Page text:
Because Mack Brown Has Something to Prove

Admit it, non-orangebloods. You took some pleasure in the collapse of the vaunted UT program last season. Well, guess what? Now it’s time for the empire to strike back.
MACK BROWN
Illustration by Marc Burckhardt

To rise again, you first have to fall. And to fall, you first have to rise, which, since he took over as the head coach of the University of Texas, in 1998, and until last year’s disastrous season, Mack Brown had been doing steadily, smoothly, and with the aura of inevitability that surrounds multinational corporations and top-tier Hollywood stars. He won one national championship and led UT to another. He enjoyed a streak of nine seasons with ten or more wins. He established himself as one of the greatest recruiters of all time. He earned a higher winning percentage than Darrell Royal, for whom the university’s stadium is named. And he never had a losing season with the Longhorns—that is until last year, when he dropped seven games. It was a humiliating experience, Brown’s worst record since 1989. The low point was a wheels-off-the-wagon loss to Iowa State, a team that finished the year with only five wins.

So now comes the “rise again” part, right? Brown, who turned sixty on August 27, knows that much is riding on his team’s performance this year. In the off-season he shook up the program, hiring six new coaches, including offensive coordinator Bryan Harsin, who was at Boise State, and defensive coordinator Manny Diaz, who came from Mississippi State. And he’ll have to contend with the added pressure of an unprecedented, and highly controversial, agreement with ESPN to create a 24-hour cable channel called the Longhorn Network. Based in large part on the success of the football team, the deal is worth $300 million over the next twenty years. Of course, even without the round-the-clock coverage, you can bet that this season, the eyes of Texas will be on Mack Brown like never before.

Nine years ago I interviewed you in this office for a story in which I made the case that UT was poised to win its first national championship since 1970. I missed by just a few seasons. Today you’re at a completely different moment in your coaching career, so how would you describe what to expect?

When I arrived here, in ’98, it had been nearly thirty years since the program had won a national championship. So we asked the question “Is it realistic to win a national title? We think it is, but is it really?” Then we did win one, in 2005. In ’08 we were third with a chance. Then in ’09 we were back in the title game again. So there was no question in my mind that we could win another national championship. But with the slide last year, the setback allowed us to make some hard reevaluations. Some of the coaches resigned. Some left. It really was helpful to have the chance to start over.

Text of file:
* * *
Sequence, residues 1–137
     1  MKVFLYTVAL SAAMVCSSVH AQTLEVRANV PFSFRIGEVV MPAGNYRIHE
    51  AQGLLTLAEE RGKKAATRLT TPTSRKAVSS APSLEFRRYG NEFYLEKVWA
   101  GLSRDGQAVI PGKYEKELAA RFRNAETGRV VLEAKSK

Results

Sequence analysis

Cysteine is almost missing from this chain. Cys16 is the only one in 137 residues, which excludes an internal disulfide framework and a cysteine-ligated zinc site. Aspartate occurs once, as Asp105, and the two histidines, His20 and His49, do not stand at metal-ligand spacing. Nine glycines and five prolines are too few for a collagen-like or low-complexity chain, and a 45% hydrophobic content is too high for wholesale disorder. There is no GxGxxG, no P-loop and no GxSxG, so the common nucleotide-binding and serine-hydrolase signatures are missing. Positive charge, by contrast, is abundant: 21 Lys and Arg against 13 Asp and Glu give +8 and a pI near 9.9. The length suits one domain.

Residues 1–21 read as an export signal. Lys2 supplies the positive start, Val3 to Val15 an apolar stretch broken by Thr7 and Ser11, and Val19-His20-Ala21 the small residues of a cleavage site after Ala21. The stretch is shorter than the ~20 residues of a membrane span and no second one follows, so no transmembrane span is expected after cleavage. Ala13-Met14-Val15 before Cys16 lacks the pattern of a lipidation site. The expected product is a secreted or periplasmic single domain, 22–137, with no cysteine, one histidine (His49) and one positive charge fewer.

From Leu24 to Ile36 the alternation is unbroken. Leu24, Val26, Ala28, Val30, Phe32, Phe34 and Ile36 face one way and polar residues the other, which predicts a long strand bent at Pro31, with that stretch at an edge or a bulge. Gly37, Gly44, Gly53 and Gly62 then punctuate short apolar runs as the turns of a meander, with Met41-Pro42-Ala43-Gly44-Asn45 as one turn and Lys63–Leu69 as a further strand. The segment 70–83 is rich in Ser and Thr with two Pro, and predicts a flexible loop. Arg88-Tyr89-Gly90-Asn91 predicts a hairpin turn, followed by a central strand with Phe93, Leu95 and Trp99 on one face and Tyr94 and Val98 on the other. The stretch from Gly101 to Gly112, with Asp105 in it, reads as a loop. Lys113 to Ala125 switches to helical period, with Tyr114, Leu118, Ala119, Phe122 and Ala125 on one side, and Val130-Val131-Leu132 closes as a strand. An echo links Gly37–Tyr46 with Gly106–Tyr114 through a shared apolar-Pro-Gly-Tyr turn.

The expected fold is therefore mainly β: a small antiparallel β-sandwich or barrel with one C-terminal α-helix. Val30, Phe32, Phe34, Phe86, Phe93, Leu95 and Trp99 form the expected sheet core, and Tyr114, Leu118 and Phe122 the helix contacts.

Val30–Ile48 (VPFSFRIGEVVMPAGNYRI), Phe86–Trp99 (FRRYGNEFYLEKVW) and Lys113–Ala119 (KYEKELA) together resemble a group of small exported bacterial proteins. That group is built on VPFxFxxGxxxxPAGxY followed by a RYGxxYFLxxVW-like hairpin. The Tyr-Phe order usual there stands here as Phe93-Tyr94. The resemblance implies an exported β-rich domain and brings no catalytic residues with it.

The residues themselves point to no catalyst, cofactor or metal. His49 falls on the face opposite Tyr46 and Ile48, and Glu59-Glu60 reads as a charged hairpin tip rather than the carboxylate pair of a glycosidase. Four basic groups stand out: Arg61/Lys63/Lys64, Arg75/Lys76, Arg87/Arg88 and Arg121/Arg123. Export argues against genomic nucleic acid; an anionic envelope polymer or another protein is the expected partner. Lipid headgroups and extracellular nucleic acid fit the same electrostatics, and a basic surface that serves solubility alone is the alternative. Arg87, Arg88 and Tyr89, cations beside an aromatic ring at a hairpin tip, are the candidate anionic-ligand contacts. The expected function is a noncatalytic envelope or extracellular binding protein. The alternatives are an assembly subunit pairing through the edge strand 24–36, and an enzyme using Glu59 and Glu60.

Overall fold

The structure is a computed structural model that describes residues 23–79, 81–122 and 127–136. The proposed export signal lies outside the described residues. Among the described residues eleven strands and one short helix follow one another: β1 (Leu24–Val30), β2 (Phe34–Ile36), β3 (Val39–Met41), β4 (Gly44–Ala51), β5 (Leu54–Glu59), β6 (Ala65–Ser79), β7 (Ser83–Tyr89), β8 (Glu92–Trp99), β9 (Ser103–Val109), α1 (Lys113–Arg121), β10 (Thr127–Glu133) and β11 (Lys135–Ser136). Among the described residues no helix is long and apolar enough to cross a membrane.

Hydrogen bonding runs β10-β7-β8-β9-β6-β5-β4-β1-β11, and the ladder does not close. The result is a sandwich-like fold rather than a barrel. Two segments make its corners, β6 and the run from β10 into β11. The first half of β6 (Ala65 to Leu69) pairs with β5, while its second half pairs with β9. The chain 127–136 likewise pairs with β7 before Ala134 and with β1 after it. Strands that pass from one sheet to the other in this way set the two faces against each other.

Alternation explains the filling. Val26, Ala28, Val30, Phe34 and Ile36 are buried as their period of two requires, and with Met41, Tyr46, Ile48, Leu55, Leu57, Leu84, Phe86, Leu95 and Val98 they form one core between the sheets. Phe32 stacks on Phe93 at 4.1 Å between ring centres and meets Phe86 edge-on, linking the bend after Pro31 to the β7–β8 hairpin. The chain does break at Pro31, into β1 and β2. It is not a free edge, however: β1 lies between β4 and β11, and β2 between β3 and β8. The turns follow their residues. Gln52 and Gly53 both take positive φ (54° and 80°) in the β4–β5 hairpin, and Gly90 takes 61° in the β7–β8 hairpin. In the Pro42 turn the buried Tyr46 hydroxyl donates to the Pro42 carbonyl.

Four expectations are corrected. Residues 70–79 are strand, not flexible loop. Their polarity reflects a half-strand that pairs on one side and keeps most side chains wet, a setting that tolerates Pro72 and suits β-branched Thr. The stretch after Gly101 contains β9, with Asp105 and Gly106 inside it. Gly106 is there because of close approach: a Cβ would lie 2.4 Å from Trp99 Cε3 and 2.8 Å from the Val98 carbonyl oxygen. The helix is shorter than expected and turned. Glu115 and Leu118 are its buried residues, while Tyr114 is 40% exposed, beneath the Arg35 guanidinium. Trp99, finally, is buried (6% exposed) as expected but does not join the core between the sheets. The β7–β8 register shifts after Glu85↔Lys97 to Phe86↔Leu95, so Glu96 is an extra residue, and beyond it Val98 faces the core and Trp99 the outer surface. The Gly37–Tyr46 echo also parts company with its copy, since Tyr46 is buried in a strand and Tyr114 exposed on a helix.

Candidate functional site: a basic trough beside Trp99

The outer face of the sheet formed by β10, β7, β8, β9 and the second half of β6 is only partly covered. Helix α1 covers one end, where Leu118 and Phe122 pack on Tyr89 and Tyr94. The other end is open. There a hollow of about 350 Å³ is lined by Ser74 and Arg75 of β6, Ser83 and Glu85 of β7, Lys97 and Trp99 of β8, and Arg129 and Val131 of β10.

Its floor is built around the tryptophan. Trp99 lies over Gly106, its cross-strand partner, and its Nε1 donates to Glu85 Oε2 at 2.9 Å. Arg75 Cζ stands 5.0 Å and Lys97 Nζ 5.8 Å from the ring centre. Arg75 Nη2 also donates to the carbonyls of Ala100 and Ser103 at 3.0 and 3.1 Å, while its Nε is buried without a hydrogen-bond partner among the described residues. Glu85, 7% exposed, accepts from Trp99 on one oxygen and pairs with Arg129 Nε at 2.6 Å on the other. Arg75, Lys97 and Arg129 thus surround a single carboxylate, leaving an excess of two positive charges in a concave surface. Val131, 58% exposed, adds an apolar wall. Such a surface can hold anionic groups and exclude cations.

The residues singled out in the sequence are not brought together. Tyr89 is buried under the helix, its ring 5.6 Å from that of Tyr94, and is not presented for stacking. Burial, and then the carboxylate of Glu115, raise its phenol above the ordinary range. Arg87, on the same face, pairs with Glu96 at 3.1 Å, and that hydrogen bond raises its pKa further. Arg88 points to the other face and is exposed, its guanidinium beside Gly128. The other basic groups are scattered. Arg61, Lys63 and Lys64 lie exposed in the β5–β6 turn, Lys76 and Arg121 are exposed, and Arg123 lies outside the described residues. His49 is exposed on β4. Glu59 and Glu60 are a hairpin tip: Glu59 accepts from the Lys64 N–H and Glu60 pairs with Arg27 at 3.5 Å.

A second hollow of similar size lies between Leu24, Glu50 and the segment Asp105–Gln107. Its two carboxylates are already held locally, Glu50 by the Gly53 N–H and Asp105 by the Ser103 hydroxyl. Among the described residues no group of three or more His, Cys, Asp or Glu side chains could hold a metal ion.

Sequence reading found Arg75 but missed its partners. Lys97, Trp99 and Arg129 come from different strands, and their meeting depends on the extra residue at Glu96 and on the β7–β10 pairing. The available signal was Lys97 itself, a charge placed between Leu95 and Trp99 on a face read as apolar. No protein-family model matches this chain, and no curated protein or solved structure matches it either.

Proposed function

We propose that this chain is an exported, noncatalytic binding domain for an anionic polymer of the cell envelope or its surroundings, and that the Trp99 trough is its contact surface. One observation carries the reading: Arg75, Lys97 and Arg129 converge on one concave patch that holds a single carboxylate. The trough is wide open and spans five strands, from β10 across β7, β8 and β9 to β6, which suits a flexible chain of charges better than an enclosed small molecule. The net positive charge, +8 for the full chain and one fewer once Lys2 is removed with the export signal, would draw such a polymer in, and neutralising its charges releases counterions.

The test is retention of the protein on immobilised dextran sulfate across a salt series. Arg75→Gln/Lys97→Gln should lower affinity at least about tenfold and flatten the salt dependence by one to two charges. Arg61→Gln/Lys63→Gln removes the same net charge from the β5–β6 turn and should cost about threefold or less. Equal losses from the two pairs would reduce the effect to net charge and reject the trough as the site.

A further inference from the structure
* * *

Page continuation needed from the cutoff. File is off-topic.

Today we’re obviously further along than in 1998. The expectations are much higher. Our expectation is to get Texas back into that top five. And that puts us in a position to play for a national championship each year. The short-term part of that is that we need to keep our mouths shut. We’ve told the kids, “Don’t talk about conference championships, and don’t talk about national championships.” We’ve got to get back to a bowl game, and we’ve got to get our swagger back.

And you don’t have any doubt that you’re the person to do it?

When Will Muschamp left to take the Florida job, in December, I was back in it for the long haul.

I did some checking, though, to find out who was the last coach who won a national championship, had a losing season after that, and then came back several seasons later to win another national championship.

Was it Coach [Bear] Bryant?

No, it was Ohio State’s Woody Hayes, way back in 1968. But college football is a different game today than it was back then. Do you think a program would show a coach that much patience?

I think your job security depends on your bosses, and I’ve got great bosses. [UT president] Bill Powers and [athletics director] DeLoss Dodds believe in what we’re doing, and they know that we’re running an honest program. There is absolutely no panic. They have allowed me to run the program the way that I want and they have essentially told me that I can stay as long as I want. I do think we have some time to get back to where we need to be. And I think we’ve earned that right given how successful we’ve been.

At what point did you realize last year that the team was in trouble?

I didn’t handle the opener against Rice well. Coach Royal once told me that when the wins are a relief and the losses are devastating, then you’re in trouble. That’s what happened to me last year. We beat Rice, but I didn’t give the kids any credit. We had a young team starting over after a national championship game, and I should have said, “We’ve got some things that need to improve,” but instead I acted like a fan. I was mad that we didn’t play better. But the game that really got me was the loss at home against Iowa State. After that game, I told the players and the coaches, “I don’t trust either one of you right now.”

Did you ever feel like you couldn’t trust yourself?

All the time. You have to constantly evaluate yourself, and you say, “Anything that isn’t working is my fault.” I think any time that you’ve won ten-plus games for nine years and then it’s not working, you have to go back and figure out what you missed. We had always been able to pull it out, but last year we didn’t. So that’s why we’ve made changes. We’ve basically changed 75 to 80 percent of who we are and what we’re doing to get a new start.

You’re essentially the head coach of a new program.

That’s right. But I feel

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